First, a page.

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Designer Skin LLC v. S & L Vitamins, Inc., et al.
Unauthorized internet reseller of plaintiff’s products is not guilty of trademark infringement, and does not cause actionable initial interest confusion, by using plaintiff’s trademarks in meta tags of website at which plaintiff’s and its competitors’ products are sold, and in...

Jeri-Jo Knitwear, Inc., et al v. Club Italia, Inc., et al.

2000 U.S. Dist. Lexis 4891, 94 F.Supp.2d 457 (S.D.N.Y., April 18, 2000)

Plaintiff Jeri-Jo Knitwear, Inc. ("Jeri-Jo") sought to have defendants held in contempt for violating an order and judgment which "enjoined defendants, in the United States, from 'advertising or promoting' apparel bearing Jeri-Jo's registered trademark ENERGIE ...".

Jeri-Jo is the owner of the federally registered trademark "ENERGIE" for men and woman's clothing. Jeri-Jo uses the mark primarily in connection with the sale of women's clothing.

Defendant Sixty S.p.A. ("Sixty") is the holder of valid trademarks for the "ENERGIE" mark in Italy, France and Germany, and, according to the court, has the right to sell ENERGIE apparel in numerous other countries outside of the United States. At the time this lawsuit was commenced, defendants were selling clothing bearing the ENERGIE mark and several variations thereof in the United States. In a prior decision, the court found that defendants had infringed plaintiffs' ENERGIE trademark, and, as a result, issued the judgment and order at issue.

After the issuance of injunctive relief in question, defendants continued to operate a web site at "" At this site, users from both the United States and other countries could view defendants' 1999/2000 collection of ENERGIE apparel. However, an individual residing in the United States apparently could not use the web site to effectuate a purchase of ENERGIE apparel. ("It appears that defendants stopped selling the infringing product in the United States after the injunction was granted ...".)

Defendants also operated two other web sites at the urls "" and "" at which they promoted non-infringing apparel products. These sites contain a hyperlink to defendants' "" web site. The text of the link is the word "ENERGIE."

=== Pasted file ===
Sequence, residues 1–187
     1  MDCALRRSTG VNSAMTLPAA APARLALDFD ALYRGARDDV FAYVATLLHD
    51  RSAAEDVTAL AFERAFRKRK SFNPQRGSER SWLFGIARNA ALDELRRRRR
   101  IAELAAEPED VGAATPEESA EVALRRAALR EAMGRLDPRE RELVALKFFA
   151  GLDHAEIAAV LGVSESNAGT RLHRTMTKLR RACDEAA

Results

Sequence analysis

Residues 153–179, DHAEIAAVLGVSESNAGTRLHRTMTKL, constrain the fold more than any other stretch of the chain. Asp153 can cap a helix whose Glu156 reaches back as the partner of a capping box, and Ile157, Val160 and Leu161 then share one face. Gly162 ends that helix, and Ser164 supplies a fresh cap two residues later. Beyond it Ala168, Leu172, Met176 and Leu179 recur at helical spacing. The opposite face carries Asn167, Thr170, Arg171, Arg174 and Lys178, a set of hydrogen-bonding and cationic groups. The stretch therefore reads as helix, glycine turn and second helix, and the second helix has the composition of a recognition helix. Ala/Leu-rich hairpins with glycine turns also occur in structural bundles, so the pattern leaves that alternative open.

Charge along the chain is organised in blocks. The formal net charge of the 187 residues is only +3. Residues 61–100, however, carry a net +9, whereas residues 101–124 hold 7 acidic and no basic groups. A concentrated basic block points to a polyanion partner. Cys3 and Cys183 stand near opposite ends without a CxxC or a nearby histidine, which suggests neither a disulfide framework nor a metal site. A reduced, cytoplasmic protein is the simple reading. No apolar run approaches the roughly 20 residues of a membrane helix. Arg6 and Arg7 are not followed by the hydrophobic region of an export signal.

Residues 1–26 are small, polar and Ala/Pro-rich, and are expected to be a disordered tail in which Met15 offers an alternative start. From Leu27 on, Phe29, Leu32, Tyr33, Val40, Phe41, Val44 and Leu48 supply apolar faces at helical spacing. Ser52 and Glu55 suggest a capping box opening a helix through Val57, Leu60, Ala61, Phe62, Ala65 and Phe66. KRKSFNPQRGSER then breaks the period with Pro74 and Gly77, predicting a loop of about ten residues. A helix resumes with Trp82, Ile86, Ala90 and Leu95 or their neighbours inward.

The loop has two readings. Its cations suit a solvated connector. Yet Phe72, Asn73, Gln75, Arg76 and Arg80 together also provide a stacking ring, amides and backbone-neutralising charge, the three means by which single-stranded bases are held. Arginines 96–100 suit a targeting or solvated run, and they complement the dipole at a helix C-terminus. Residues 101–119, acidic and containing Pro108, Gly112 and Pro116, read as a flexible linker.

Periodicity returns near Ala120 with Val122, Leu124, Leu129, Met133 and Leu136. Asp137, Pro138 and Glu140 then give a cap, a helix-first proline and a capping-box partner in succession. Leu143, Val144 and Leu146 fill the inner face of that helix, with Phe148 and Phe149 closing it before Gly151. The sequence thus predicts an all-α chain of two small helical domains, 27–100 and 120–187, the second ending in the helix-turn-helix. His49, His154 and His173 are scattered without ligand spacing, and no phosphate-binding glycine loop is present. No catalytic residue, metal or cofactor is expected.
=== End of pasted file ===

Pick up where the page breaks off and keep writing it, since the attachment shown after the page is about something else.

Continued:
On this record, the court declined to hold defendants in contempt. The court directed defendants to immediately delink to the web sites in question. It refused, however, to direct defendants to delist their "" web site from various search engines. Lastly, the court "grant[ed] plaintiffs' request for its attorneys' fees incurred in making this enforcement application."

Said the court:
While I agree with the plaintiffs ... that defendant could be viewed as "advertising" in the United States in violation of the consent judgment, I can not ... conclude on the total record before me that defendants' conduct is of that flouting willfulness to have earned the denomination "contemnor." Defendants, one must keep in mind, do have world-wide rights in the mark outside the United States. Accordingly, while I direct the defendants to immediately de-link its site from its www. and sites, I do not conclude defendants should be required to delist its site from various search engines because I do not believe an adequate evidentiary foundation has been laid to require such broad relief where even plaintiff concedes 100% perfection is not possible, and, I repeat, defendants may legitimately advertise their mark over much of the rest of the globe, and there is no showing of damage to plaintiff from the failure to act with more dispatch.
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